Three Things Every Author Should Know about School Visits

This many! (Fun fact: This photo shoot took A LOT longer than it should have.)

Have you ever been on the move for so long that once you finally stop moving, you don’t know what to do with yourself?

I feel that way now. For the past several weeks I had gotten into the habit of running from one place to another, talking about my book, coming home, and then collapsing in a heap. It was exhausting. It was also exciting and new and it made me feel very, very important. I really did love it. I loved it more than I thought I would.

Now that it’s all over, I’m suffering a little from promo withdrawal.

But my schedule, exciting as it was, didn’t allow me to write at all. So I am very eager to reacquaint myself with my first love. I missed writing much more than I liked feeling important.

During the tour I visited lots of schools. That is par for the course for a picture book – especially a nonfiction one. Now that I’ve had a little time to reflect on those visits, I’d like to share three takeaways:

1. Kids love to take you down rabbit holes.  

During one class visit I told a group of 40 third graders that my fondest childhood Thanksgiving memory was watching Big Ape Movies on the local TV station. Every single year the station aired Mighty Joe Young, King Kong, and Son of Kong. “Six straight hours of simian mayhem!” I announced. “I have no idea what giant gorillas have to do with Thanksgiving, but, hey, who cares? It’s wonderful!”

And by opening that door, I invited in a long string of ape-related questions. Clearly I was the King Kong expert these kids had been waiting for their whole lives. “How big was he?” one asked. (I guessed about 50 feet tall.) “Did that big building get damaged bad?” (No, they just needed to patch up some bullet holes.) Would King Kong win a fight with Godzilla? (If Americans made the movie, I replied, then yes.)

It was a blast. And, because I indulged this line of questioning, the kids loved me. Oh, and my “simian mayhem” line made one teacher to do a spit take; this is perhaps my proudest achievement ever.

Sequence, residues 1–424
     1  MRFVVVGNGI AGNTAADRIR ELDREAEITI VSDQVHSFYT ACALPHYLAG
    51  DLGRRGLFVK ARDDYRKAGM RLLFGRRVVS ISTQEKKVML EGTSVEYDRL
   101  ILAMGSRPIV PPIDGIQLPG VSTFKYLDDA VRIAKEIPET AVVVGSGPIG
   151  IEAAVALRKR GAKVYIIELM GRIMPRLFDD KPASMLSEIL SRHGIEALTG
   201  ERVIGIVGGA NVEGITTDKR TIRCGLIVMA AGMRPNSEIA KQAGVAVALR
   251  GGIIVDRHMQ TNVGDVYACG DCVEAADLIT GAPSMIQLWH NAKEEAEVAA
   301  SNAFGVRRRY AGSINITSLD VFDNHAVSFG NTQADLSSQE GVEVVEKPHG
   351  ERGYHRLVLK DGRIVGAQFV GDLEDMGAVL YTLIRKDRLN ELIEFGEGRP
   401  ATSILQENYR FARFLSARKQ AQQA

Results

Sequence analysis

2. There’s one teacher in every school who assumes you don’t know what you’re doing.

This teacher is the wet blankie who tries to calm down the children after you have invested so much time and energy revving them up. Not. Cool.

This teacher is either very, very young and well-meaning or one of those old law and order types who is one year away from retirement. (Teachers with tenure and more than a few years of full time work left in them are happy to sit back, drink coffee, and let you do your thing.)

I find it important to address the interrupting teacher directly. Doing so is a bit of a tightrope walk, however, for I have to communicate two messages at the same time. My first message is for the kids: “Your teacher is the boss. Your teacher is even MY boss and it is important to always do what she says.” My second message is for the teacher and is rich with subtext: “Why don’t you follow the fine example of your peers and drink some coffee?”

At one of my recent visits, a young teacher, trying to be helpful, inserted herself into my presentation to “calm things down, a bit.”

In front of the crowd I told the teacher she made an excellent point. Then I thanked her. Then, before the teacher could say anything else, I called on an earnest little girl who  could be counted on to ask a question that was “appropriate.” As the girl asked her question, the teacher and I chatted to each other with our eyes.

“I got this,” my eyes told her.

“You sure?” her eyes asked back, concerned.

“Your coffee is getting cold,” my eyes replied. “And that chair waaaay over there looks hella comfortable.”

3. Controlling a Q&A session is a lot easier than you might think. 

Kids wear their personalities on their sleeves. Even if they say nothing, their body language makes it easy to differentiate the silly from the studious. You don’t need talent to figure out who’s who. You just need eyes. Anyone can do this. Really. Anyone.

By using this information, I became a Q&A conductor of sorts; I called on the sillies when I wanted to dial up the energy in the room and the studiers when I wanted to dial it back.

And because I love and respect teachers and don’t wanna make their jobs any more difficult than they already are, I wrapped up all my Q&A sessions by calling on three studious students in a row. You’re welcome, teachers. Here’s hoping I’ll see you again next year!

42 Replies to “Three Things Every Author Should Know about School Visits”

  1. Oh how funny and interesting. I could have done with your help years ago with the bongo playing italians lol.

      1. I used to teach English as a foreign language and when they are only over for a week learning English in a fun informal style it’s hard to discipline them. One class I took they listened but one kid read a newspaper and another played the bongos. These days I’d probably have played a tune on the bongos to get their attention 🙂

  2. I think I would have loved your Q&A sessions as a kid. Teachers always seemed pretty uptight to me. Wild and crazy presenters were THE BEST. Especially ones who enjoyed simian mayhem.

  3. Aww, lookit that cutie in that photo! Totally worth the long photo shoot.